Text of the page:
blog 4

Marguerita Sejaan
2 min readFeb 18, 2021

Carter (2012), Litosseliti (2013), and Al-Mahadin (2011) all theorized different ways we can analyze gender and how it is represented in the media. Carter, first, pointed out that it is essential to realize that the media’s portrayal of women is not only a reflection of how women are treated in society, but it also affects society. As Tuchman wrote, being represented in the media gives you a social existence. It legitimizes your experiences and gives you visibility, as well as giving you a narrative. Knowing this, then we can say that being underrepresented, the way women are, is a form of symbolic annihilation, of being stripped of a narrative and thus personhood. Carter quotes Laurentis as well, pointing out that gender is not just one thing, but made up of ‘technologies of gender’ that perpetuate it and uphold its definition over and over again.

Second, Al-Mahadin focused on the way Arab women are represented in Western media. She distinguished between misrepresentation, showing something that is inaccurate, and strategic moulding. In the latter, assuming all Arab women wear burqas or are belly dancers put them in only one category when these women really represent a very small minority. The burqa, especially, is highlighted here. It simultaneously strategically moulds Arab women into an inaccurate category, claims that they are oppressed, and is also a violation of the male gaze. It invited the gaze to a covered body, which is the way you can harm the gaze the most.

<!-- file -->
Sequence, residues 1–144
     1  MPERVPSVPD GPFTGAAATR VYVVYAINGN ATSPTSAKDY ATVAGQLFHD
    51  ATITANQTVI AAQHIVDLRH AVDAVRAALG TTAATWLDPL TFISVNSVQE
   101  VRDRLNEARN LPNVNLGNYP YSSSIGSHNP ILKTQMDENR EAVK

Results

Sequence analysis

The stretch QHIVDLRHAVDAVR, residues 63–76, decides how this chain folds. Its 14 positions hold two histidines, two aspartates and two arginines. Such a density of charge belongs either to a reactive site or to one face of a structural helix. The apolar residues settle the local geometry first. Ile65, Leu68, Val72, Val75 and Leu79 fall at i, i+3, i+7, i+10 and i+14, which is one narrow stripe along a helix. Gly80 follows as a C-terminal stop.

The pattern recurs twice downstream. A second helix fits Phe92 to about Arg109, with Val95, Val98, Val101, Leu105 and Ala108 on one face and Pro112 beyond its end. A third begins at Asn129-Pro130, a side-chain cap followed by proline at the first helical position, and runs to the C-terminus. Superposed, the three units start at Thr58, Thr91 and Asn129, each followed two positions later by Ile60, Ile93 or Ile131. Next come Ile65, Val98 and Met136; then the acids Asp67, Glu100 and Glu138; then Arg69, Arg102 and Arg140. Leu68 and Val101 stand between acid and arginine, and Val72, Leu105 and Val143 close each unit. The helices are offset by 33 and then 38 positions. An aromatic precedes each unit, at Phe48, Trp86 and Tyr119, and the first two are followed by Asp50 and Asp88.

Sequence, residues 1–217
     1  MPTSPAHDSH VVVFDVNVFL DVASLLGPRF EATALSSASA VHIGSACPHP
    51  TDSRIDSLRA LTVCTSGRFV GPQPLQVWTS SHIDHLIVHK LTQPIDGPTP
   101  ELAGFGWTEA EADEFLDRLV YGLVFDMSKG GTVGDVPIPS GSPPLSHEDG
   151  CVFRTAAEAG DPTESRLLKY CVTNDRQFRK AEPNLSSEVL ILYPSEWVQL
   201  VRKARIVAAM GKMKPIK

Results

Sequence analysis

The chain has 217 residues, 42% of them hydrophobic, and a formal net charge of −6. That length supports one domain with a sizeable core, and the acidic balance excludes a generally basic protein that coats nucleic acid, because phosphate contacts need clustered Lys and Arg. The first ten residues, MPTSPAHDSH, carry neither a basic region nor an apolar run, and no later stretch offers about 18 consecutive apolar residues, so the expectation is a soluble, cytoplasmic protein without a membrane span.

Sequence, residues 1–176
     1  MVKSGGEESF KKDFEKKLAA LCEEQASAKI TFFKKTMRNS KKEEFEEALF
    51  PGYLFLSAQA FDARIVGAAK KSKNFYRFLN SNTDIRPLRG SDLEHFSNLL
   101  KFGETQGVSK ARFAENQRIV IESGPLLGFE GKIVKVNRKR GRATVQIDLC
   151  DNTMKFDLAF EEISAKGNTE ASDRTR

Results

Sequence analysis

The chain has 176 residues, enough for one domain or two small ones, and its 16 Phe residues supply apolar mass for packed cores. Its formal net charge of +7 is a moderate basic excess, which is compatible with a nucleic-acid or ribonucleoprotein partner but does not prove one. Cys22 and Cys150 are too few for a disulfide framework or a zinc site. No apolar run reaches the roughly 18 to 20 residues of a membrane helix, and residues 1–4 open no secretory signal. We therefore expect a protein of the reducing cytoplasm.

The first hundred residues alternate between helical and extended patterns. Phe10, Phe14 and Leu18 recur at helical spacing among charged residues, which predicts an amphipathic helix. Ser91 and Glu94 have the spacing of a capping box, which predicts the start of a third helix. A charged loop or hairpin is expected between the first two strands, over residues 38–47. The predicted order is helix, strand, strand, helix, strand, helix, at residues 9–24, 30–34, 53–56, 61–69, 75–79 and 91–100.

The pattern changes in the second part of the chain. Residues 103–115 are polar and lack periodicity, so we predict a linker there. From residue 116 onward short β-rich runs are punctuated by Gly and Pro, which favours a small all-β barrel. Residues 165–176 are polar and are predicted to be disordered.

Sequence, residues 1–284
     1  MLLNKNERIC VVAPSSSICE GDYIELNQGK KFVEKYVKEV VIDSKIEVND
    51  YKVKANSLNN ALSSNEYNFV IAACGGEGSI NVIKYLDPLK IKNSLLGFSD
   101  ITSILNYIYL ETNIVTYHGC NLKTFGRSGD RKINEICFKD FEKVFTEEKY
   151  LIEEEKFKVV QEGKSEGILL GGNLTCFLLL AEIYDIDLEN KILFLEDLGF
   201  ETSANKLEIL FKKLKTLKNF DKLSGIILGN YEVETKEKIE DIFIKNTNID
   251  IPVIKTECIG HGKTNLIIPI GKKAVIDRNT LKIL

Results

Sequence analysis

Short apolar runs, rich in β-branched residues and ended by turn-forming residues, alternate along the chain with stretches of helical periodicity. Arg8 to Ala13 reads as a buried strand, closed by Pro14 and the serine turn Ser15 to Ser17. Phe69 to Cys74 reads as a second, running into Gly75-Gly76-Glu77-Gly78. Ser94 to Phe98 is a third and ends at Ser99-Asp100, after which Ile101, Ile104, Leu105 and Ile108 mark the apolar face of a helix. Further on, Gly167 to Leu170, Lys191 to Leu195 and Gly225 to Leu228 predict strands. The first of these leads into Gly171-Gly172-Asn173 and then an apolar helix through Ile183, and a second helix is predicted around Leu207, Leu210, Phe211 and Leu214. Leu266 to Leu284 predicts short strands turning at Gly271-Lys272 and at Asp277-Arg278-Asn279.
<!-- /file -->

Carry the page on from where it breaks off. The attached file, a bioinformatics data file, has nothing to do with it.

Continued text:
third, Litosselliti wrote about how language moulds our definition of gender. Our language consists of sex specification, gratuitous modifiers, lexical gaps, semantic derogation, asymmetrically gendered language items, and connotations of language. All of these things are used to patronize women by referring to them as ‘girls’ or ‘woman doctor’, strip them of personhood by comparing them to objects, or by creating insults specific to women. Litosseliti calls for feminist linguistics to demystify how language is used to uphold inequality.


Carter, C. (2012). Sex/Gender and the Media From Sex Roles to Social Construction.

Al-Mahadin, S. (2011). Arab Feminist Media Studies.

Litosseliti, L. (2013). “Putting gender and language on the map” (read pp. 13–15; 22–24) and “Gender and language in the media” (read pp. 91–97).